It's a little bit of everything. I do Operation 36 programs, which take up a lot of my time. I'll get there probably around 6:30ish, I'll teach a clinic from 9:30 to 10:30, I set up tournaments, do the merchandising, the ladies events, basically if a woman needs something I deal with it. And then kind of on the back end doing budgeting and paying bills and just maintaining the calendar. Then I'll go back outside and teach my 4:30 to 5:30 clinic, then go in, wrap up for the day, send some emails and go home. So, it's like a really good mix between tons of clinics, private lessons, small group lessons, ladies tournaments, just all of it.

What's the most rewarding part of your job?


The best part of my job is meeting women that are afraid to go out and are nervous about it, and just making them feel happy and comfortable and then when they say, "I think I'm going to sign up for this" or "I really want to start playing" or "I just made a friend and she wants me to play and I'm so excited." It's just showing them our world, you know?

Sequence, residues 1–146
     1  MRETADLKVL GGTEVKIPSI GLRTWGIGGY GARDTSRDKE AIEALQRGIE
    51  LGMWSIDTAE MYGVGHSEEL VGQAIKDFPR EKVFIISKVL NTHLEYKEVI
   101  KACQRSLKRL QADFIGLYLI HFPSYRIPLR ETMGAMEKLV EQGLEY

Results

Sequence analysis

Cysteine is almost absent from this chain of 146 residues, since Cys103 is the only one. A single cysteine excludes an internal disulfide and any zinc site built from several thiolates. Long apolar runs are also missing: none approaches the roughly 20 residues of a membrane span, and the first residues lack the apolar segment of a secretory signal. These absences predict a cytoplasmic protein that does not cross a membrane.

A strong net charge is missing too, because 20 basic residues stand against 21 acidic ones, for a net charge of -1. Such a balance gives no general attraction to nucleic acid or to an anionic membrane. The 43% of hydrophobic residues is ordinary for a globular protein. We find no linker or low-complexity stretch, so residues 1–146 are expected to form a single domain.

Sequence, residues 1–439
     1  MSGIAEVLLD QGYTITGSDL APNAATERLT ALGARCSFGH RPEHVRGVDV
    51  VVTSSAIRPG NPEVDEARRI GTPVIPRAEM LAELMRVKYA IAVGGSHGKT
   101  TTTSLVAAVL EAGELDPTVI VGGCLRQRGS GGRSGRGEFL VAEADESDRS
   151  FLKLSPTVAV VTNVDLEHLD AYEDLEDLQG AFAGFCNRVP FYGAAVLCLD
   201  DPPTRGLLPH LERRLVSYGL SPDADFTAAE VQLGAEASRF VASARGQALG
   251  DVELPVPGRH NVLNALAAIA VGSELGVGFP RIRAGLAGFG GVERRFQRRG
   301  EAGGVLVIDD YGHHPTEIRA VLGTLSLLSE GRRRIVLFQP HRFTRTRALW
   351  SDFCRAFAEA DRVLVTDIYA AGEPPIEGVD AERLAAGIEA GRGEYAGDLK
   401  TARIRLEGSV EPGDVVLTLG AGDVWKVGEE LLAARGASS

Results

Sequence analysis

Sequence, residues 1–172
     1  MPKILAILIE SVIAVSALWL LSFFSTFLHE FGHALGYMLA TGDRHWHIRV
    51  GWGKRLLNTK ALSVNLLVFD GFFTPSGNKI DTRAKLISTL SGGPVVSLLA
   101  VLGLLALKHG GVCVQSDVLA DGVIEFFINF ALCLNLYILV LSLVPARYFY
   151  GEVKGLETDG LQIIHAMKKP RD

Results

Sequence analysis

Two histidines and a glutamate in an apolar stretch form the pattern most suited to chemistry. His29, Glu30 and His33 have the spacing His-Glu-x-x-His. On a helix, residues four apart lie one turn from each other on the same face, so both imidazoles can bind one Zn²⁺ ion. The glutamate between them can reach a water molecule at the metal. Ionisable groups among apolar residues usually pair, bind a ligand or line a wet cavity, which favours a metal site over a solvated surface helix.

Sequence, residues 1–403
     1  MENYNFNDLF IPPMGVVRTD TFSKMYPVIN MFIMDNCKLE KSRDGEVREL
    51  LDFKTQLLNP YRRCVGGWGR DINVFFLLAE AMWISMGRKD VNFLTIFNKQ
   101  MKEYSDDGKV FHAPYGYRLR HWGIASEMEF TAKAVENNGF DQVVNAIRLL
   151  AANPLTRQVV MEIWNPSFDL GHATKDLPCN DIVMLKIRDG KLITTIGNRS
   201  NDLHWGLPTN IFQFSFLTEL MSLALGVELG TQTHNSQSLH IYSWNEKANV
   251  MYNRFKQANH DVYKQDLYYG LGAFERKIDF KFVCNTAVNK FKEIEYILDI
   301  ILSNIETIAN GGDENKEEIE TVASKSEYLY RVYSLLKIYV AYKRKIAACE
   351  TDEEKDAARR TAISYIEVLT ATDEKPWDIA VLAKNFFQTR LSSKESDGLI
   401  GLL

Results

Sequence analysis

What's the most challenging part of your job?


Being taken seriously. At least where I am, it's still heavily a man's world, a very traditional place. Just breaking that barrier and showing men that they're allowed to take lessons from us and it doesn't make them less manly. I know what I'm talking about and I'm able to help them. Just being treated with respect I'd say is the hardest part.